Creating great scenes in literary fiction without excessive, ineffective, detail!

In fiction storytelling, creating setting is tertiary to dramatic plot and characterization and needs to contribute to the story. Therefore, for best and succinct effects, setting should have momentum and evoke image. Compare these two descriptions: The locomotive with colorful cars behind followed the track that snaked through the valley. No momentum or concrete images–basically ineffective. Now: The steam of the locomotive reddened the face of the engineer as he leaned out the window. The track curved many times ahead. He wondered, as the clouds gathered, if the printed banners with the czar’s name flapping above the red, green and white decorations so carefully applied on the cars behind by the birthday celebrants, would be dampened, maybe even destroyed by rain. He gripped the waist-high metal lever jutting up through a slit in the locomotive cab’s floor and shoved it forward. The locomotive strained ahead tilting to the left when it reached the first turn. Both momentum and images utilized, although would need editing and condensation for most stories!

Here’s another concept. Imagine the all-encompassing totality of your scene and prioritize spot images as selected pieces of a jigsaw puzzle that will stimulate the reader’s imagination to create a personalized imagined scene that supports the story and characters. A few carefully selected “puzzle pieces” used as descriptive stimulus allows the reader to engage and participate in making the story their “own.” Better quality “puzzle pieces” allow fewer words for the reader to feel the scene is complete and brevity prevails, improving readability. Here are ways to make good choices!

The image must be concrete (paper clip), not abstract (fastener). The word choice must be image-generating (cracked porcelain tea cup, or the blue and yellow Easter egg). Modifiers should usually not be judgmental: six-feet tall rather than huge, which is not only judgmental but abstract; ruddy cheeks is usually better than healthy cheeks, but only if it fits. Avoid clichés. Use specific and concrete nouns and adjectives–sparrow, not bird; sixteen-story skyscraper, not tall building. As you create, keep in mind, for best fiction and stories, long descriptive passages for setting are for past generations.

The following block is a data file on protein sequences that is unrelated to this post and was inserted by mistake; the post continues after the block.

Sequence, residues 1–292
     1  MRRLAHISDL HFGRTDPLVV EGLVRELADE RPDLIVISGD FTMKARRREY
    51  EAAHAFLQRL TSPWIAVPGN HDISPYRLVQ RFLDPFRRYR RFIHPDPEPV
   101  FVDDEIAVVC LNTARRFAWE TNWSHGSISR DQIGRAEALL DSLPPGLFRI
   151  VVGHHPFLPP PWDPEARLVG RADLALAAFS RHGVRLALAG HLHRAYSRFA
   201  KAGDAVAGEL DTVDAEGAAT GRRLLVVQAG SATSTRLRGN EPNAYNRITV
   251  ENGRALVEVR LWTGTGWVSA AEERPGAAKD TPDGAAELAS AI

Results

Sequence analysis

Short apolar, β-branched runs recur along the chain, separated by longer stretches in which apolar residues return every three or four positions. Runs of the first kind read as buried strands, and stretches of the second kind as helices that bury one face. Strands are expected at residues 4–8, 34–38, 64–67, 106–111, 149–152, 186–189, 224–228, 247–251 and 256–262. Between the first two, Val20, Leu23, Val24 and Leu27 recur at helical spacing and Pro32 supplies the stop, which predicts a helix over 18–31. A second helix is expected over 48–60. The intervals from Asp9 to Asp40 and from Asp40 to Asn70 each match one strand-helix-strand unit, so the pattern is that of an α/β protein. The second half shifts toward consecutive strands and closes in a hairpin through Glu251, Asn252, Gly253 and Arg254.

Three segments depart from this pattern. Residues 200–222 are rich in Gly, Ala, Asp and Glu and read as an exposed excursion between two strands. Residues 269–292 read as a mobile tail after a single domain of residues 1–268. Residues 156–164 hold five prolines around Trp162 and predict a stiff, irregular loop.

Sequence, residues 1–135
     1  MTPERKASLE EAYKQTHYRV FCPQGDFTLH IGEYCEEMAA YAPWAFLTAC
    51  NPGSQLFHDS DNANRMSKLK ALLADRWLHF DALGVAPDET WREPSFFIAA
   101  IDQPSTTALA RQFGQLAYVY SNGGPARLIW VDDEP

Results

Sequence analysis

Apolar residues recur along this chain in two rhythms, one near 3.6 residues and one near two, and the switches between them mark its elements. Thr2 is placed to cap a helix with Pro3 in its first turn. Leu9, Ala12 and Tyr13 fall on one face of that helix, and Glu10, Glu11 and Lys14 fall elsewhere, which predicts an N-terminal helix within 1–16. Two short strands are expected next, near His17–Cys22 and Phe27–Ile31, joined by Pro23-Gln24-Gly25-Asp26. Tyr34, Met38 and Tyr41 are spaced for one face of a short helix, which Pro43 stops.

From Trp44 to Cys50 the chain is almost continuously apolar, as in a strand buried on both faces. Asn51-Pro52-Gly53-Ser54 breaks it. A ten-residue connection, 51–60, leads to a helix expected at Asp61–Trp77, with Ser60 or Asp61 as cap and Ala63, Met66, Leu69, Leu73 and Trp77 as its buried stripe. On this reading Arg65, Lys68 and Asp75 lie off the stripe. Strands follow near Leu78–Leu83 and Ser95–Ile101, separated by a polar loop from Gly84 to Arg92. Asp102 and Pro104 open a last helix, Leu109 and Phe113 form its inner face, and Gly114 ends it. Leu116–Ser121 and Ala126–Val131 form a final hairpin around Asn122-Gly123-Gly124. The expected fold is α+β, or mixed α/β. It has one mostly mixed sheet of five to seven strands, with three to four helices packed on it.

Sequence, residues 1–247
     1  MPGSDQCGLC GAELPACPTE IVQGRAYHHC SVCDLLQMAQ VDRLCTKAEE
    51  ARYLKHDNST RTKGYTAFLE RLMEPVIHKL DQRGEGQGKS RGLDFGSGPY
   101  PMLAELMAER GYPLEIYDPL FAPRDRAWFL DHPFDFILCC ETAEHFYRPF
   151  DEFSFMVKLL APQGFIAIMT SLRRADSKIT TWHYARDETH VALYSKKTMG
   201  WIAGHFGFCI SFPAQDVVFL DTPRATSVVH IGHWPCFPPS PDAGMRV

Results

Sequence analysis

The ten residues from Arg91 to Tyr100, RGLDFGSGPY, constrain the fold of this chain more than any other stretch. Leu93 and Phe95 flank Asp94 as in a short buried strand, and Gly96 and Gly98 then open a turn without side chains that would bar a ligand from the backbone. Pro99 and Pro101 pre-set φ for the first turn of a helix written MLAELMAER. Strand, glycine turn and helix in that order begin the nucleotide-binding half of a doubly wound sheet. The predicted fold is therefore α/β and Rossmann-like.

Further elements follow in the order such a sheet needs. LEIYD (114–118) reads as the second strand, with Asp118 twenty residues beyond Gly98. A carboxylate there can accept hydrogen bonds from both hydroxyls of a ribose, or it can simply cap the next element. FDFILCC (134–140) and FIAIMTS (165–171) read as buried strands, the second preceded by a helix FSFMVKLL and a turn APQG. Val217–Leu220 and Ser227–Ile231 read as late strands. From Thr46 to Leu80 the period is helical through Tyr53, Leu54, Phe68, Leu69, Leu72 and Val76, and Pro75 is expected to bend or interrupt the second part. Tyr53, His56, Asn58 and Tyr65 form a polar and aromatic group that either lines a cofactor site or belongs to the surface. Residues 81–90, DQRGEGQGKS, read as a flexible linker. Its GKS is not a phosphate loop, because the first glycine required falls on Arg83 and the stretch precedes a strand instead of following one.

You may also find clever ways to use dialogue attribution by slipping in scenic elements when appropriate. (Look out! he yelled, slapping the pit bull with his walking stick and shoving the child toward her mother.) You can often incorporate image provoking detail in internal reflections. (She thought his Mohawk haircut, two brass hoop-earrings in his left earlobe, and silver tongue-stub oppressively unattractive.)

All the best, and thanks for reading.
William H. Coles

Illustration from the short story by William H. Coles “The Wreck of Amtrak’s Silver Service”. FREE online.  An evil man with a solid vein of conscience delivers summary justice on a cold winter night.

Illustration by David Riley.

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